General Eiling – Clancy Brown is in everything! In this we see him as the hunter of Meta-Humans as he hopes to weaponize them to stop the evil ones. To him people are a means to an end and he has a respect for the Flash even as Flash is probably on his hit list too.

Gorilla Grodd – Grodd was experimented on by Eiling and Thawne and continues to evolve. He is psychic and makes Joe nearly kill himself. He is also extremely strong and survives getting hit by a train. I can’t wait to see where his evolution takes him. I hope we get to see the Grodd of the animated Justice League as he was a Gorilla who felt like a threat and was on par with Lex Luthor in schemes at times.

Eobard Thawne/Reverse Flash – Thawne created the Flash since in his future he and the flash were enemies. He goes back in time to kill Barry as a child but fails due to the Flash saving his younger self so instead kills Barry’s mother as well as Dr. Wells to speed up the event and creation of Meta-Humans. He’s ambitious and complicated as even though he is a sociopath he clearly had feelings for his mentees and Barry. Tom Cavanaugh does a great job.

Protagonists – The primary protagonists are wonderful, even though the romances don’t really work.

Iris West – Iris goes from someone who is all about the social to an active journalist who first breaks the existence of the Flash to the world. Her arc is standing up for her agency as she shoots down Eddie or Barry whenever they try to speak for what she wants or what she should and shouldn’t know. This is what makes her compelling, not the love triangle.

Joe West – Jesse L. Martin (last saw him as Tom Collins in “Rent”) is awesome as the detective who adapts pretty quickly to the changing world of Central City. He works with Barry closely and has to deal with how his overprotectiveness alienates him from his daughter. He was one of my favorite characters and he is good at holding his own against the Meta-Humans.

Barry Allen/The Flash – Barry is kindness with a refusal to kill as we see him do all he can to see the best in people, even when he gets burned. He is naive and hopeful and it makes him a lot of fun and he deals with letting go of his mother and moving on with his life, taking all he learned from her to heart. He’s a bit of an obsessive nerd and it works for the character. I liked him when he wasn’t in romance mode.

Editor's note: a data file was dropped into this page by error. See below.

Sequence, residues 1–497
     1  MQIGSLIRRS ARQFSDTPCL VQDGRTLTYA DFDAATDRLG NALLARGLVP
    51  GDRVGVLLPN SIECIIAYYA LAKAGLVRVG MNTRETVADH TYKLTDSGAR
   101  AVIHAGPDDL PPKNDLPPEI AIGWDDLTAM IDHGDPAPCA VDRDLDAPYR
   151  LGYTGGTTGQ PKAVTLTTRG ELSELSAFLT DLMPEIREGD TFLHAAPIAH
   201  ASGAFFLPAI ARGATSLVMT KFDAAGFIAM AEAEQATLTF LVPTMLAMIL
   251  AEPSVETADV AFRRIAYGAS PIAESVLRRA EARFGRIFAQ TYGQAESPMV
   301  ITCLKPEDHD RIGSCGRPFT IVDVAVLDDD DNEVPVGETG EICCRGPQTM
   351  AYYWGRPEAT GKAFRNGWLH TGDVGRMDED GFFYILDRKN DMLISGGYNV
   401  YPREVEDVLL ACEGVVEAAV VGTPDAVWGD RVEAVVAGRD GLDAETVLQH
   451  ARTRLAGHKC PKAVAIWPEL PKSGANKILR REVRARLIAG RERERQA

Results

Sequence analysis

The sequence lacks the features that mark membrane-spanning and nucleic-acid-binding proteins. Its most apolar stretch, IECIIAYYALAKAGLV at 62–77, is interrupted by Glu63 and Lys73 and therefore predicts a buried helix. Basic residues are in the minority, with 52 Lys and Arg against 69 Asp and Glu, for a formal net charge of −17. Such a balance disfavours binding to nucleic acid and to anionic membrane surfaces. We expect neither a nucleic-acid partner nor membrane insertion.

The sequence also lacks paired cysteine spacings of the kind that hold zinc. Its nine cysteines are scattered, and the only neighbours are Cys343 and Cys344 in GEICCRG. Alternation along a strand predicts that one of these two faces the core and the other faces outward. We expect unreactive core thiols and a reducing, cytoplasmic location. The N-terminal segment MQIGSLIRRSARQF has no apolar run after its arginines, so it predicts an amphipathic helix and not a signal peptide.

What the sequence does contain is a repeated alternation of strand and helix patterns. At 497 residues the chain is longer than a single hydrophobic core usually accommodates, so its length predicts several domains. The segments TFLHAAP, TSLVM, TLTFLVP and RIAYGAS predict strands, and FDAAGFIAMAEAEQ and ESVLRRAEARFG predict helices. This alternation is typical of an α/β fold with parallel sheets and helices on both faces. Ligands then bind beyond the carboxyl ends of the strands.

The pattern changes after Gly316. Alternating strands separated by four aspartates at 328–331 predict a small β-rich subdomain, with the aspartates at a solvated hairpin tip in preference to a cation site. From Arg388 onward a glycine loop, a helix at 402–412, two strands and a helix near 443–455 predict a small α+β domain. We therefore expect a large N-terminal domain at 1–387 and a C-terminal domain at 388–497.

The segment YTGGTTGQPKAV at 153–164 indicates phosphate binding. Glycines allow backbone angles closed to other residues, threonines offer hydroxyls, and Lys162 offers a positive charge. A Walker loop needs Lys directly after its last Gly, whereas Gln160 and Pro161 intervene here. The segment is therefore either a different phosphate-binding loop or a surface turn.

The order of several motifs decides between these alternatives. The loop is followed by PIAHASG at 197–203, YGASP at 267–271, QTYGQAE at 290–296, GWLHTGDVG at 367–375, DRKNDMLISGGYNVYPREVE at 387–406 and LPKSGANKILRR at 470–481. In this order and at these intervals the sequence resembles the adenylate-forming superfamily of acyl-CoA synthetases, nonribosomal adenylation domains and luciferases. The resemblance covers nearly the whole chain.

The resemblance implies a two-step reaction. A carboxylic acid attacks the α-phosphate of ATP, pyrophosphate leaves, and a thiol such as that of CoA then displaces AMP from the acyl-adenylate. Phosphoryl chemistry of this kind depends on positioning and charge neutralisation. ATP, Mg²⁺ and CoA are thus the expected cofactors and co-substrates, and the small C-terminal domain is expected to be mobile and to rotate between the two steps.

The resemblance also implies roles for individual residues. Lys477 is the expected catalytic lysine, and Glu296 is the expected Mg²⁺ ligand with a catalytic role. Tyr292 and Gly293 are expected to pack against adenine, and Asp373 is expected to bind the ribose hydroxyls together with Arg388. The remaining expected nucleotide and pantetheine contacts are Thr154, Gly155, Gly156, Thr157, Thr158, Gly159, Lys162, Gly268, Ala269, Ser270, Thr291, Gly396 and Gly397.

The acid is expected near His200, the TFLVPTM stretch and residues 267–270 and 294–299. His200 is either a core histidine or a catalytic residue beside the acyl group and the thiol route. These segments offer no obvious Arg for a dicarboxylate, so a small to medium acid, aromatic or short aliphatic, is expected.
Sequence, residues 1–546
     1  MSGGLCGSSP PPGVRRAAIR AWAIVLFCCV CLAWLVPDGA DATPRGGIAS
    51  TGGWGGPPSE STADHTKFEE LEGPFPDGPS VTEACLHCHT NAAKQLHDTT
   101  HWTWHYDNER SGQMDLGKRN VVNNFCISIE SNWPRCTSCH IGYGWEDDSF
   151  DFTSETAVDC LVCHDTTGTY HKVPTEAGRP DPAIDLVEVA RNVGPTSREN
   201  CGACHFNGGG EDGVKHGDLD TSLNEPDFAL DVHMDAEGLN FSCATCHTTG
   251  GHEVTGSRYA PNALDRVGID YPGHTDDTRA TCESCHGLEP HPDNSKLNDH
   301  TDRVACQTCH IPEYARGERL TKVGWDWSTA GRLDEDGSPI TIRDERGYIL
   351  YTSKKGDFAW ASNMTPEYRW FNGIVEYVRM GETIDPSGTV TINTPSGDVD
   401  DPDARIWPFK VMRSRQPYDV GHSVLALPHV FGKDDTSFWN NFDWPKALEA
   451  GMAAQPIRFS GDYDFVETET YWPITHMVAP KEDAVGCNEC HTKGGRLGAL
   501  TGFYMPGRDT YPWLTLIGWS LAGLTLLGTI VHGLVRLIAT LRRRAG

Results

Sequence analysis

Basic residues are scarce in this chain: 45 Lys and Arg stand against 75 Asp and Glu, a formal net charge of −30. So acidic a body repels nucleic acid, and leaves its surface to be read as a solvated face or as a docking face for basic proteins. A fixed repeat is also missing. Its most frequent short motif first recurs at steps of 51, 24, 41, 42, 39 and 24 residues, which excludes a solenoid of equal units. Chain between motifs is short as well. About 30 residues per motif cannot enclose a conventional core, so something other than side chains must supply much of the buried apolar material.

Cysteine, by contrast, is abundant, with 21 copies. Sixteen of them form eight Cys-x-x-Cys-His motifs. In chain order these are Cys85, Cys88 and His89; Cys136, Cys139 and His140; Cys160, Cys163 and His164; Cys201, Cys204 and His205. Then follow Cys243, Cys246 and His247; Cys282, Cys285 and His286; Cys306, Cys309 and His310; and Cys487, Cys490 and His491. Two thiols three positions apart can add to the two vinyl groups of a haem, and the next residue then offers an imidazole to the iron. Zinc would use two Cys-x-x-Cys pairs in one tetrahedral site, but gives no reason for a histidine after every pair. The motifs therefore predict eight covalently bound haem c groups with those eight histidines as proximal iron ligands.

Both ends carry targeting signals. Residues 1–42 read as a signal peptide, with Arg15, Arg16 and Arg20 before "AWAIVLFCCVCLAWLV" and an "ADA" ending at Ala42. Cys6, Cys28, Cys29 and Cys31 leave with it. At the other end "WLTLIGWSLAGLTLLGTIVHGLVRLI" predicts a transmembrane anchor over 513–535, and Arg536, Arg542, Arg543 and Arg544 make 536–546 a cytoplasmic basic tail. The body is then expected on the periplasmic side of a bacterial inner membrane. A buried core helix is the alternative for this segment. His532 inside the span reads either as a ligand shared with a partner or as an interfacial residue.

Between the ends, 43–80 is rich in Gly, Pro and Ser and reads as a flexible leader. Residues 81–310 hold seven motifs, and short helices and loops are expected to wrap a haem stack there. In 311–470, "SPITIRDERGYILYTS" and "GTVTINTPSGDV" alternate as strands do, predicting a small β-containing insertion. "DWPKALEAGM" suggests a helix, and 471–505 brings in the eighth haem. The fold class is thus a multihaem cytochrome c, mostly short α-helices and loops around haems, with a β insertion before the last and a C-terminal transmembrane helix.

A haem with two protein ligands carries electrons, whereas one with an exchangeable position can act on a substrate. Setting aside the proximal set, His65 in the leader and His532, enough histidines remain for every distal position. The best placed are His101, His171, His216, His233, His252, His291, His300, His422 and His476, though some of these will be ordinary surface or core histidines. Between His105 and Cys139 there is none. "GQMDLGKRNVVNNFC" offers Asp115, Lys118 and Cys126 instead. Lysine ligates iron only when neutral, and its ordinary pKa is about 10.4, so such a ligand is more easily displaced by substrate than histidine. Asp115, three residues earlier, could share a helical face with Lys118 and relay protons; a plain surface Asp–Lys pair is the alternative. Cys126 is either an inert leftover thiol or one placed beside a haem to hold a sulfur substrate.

The Parent Relationships – Wells and Barry, Barry and his Dad, Joe and Barry and Joe and Iris. These relationships really define the show as we see them grow in love and the relationships change overtime. Joe is overprotective but comes to trust his daughters choices in the end just as he does for Barry and Wells’s betrayal is contrasted with the fact that he wanted to give Barry what he had taken away and gives him the chance to save his mother.

The Flash and Reverse-Flash Relationship – These two are foils and contrasts made all the more complicated by the fact that the Reverse-Flash created Flash and became his mentor and friend. This makes his final demise sad in a way even as the writers write him as just ambitious and evil by the end.

The Cons: Eddie Thawne – There was the idea of a character here but in the end he was the trope “Noble Sacrifice” as he cornily says all he wanted was to be Iris’s hero. Lies, he wanted to be in a relationship with her, though due to plot it could never go anywhere.

Ronnie – Ronnie is the boyfriend who is just kind of there. He never feels like a character and just needs rescuing. He does save Flash a few times at least but he wasn’t needed for Snow to feel guilt over what happened. So in the end he was redundant. He does marry Doctor Snow at the end though.

Atom – What is it with boyfriends not being written all that well on this show? He’s the rich nerd billionare who bought out Oliver Queen’s company and is in a relationship with Felicity Smoak. He’s also just kind of there and exists only to have a mini-plot with Cisco. He is the reference part of the show.